Following on were Wise Guyz, a Ukrainian rockabilly trio who went down well with the audience. They certainly has plenty of energy and one big plus was that the songs were virtually all original. Then it was time for an act who has the hottest CD on the rock 'n' roll circuit at the moment, namely J D McPherson. This guy is the lead guitarist for Jimmy Sutton's Charms and so, it was no surprise to see Jimmy and the rest of the band on stage backing up McPherson. However, be under no illusion, this was JD McPherson center stage with the other musicians there in a supporting role. From the outset, this was a 'take no prisoners' performance, McPherson was there to rock and win the audience over. Bearing in kind that it was now around three o'clock in the morning, the hall was still full and the audience was cheering him on. Sutton and the other musicians provided a truly excellent backing ass McPherson sung, and played guitar, most of the titles on his debut CD 'Signs & Signifiers'. There were a couple of Bo Diddley starts to tunes such as 'Mona' which then developed into totally different songs. All the time, the excitement was building in layers. Stand out songs on the night were 'Fire Bug' and 'North Side Gal' but in all honesty, there was not a duff offering in the whole set. We have a new rock 'n' roll hero.
Sunday, 5th June 2011 ( the rockin' closes out ...)
It was with a degree of sadness that we turned up for the final night as it meant the realisation that this particular festival was drawing to a close - but It went out in real rockin' style. Opening up the proceedings were Laura & The Moonlighters from the UK. This was a another powerful hard hitting R&B come rockin' set as Laura B strutted her stuff and sang her heart out against a pulsating hard edged backing form The Moonlighters. Plenty of visuals emanated form the stage that served to enhance the top quality of the music as they performed tunes such as 'Tough Lover', 'Country Man', 'Mambo Baby' and 'Jump Jack Jump'. I particularly enjoyed the hard rockin' edge to 'Down By The River' and 'Strange Things Are Happening'. They were followed by The B-Stars who are described in their publicity hand outs as a San Francisco-based country band that stirs up a hearty stew of honky tonk and hillbilly hits for your listening and dancing pleasure complete with nods to the country and western stars of the late 1940s and 1950s. That is an almost perfect description of the guys as they performed most of the songs, all originals, from their debut CD.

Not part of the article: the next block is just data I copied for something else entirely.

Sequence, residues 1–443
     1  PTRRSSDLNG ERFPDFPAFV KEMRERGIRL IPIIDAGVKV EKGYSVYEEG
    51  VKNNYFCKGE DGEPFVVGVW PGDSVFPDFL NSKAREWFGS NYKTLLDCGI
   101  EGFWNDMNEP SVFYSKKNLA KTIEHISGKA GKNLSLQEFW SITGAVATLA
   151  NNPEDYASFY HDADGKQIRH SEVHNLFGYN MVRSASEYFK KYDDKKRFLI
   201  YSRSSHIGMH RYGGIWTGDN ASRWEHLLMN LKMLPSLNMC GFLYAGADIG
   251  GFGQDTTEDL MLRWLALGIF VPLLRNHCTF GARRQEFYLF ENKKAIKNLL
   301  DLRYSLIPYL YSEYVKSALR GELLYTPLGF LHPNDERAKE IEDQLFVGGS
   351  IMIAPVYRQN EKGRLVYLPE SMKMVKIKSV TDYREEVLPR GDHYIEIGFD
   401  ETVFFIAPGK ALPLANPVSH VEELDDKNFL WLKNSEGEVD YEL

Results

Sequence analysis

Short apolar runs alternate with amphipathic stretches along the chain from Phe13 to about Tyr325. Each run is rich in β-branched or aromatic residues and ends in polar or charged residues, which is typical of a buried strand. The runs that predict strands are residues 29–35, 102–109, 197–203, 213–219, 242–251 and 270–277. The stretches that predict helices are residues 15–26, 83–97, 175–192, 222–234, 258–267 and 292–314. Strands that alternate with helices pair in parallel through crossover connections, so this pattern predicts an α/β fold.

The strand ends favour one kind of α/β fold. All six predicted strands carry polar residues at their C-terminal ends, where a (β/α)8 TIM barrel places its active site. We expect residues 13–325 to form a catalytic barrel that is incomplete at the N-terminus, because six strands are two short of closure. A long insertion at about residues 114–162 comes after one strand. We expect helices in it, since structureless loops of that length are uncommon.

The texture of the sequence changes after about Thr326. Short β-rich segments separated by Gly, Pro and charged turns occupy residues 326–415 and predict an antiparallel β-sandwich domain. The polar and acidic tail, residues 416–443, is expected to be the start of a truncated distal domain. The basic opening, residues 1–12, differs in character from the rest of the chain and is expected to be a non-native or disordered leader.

It was then time for the final visiting American originator, George Tomsco who was the lead guitarist for the instrumental, and subsequent vocal, group The Fireballs. Backed up by the previously mentioned Vibrants, this show proved to be another demonstration of careful thinking, planning , rehearsal and a great execution on the night. This was top notch music with an instrumental offering alternating with a vocal selection. The vocals mainly came from members of The Vibrants but occasionally, Tomsco showed that he also had a good set of vocal chords. As a guitarist, he was excellent and he demonstrated this in no uncertain way on hits for the Fireballs songbook such as 'Bulldog', 'Torquay', 'Quite A Party' 'Dumbo' and 'Gunshot'. All the time there were routines being performed. Tomsco obviously knew them well but it is credit to the Vibrants that they took to them without any hesitation. Vocal selections included 'Long Pony Tail', 'Rockin' In The 50s', 'Peggy Sue Got Married', 'Don't Stop' and 'Brown Eyed Handsome Man'. This had been a show offering high quality of music accompanied by oodles of visuals - in fact, great rock 'n' roll.
The final two acts for the festival were Cherry Casino And The Gamblers plus Runnin' Wild. Phew, I returned to my hotel room a tired but very fluffy bunny. It had been one heck of a good festival. Hope that I get invited back next year.
© Tony Wilkinson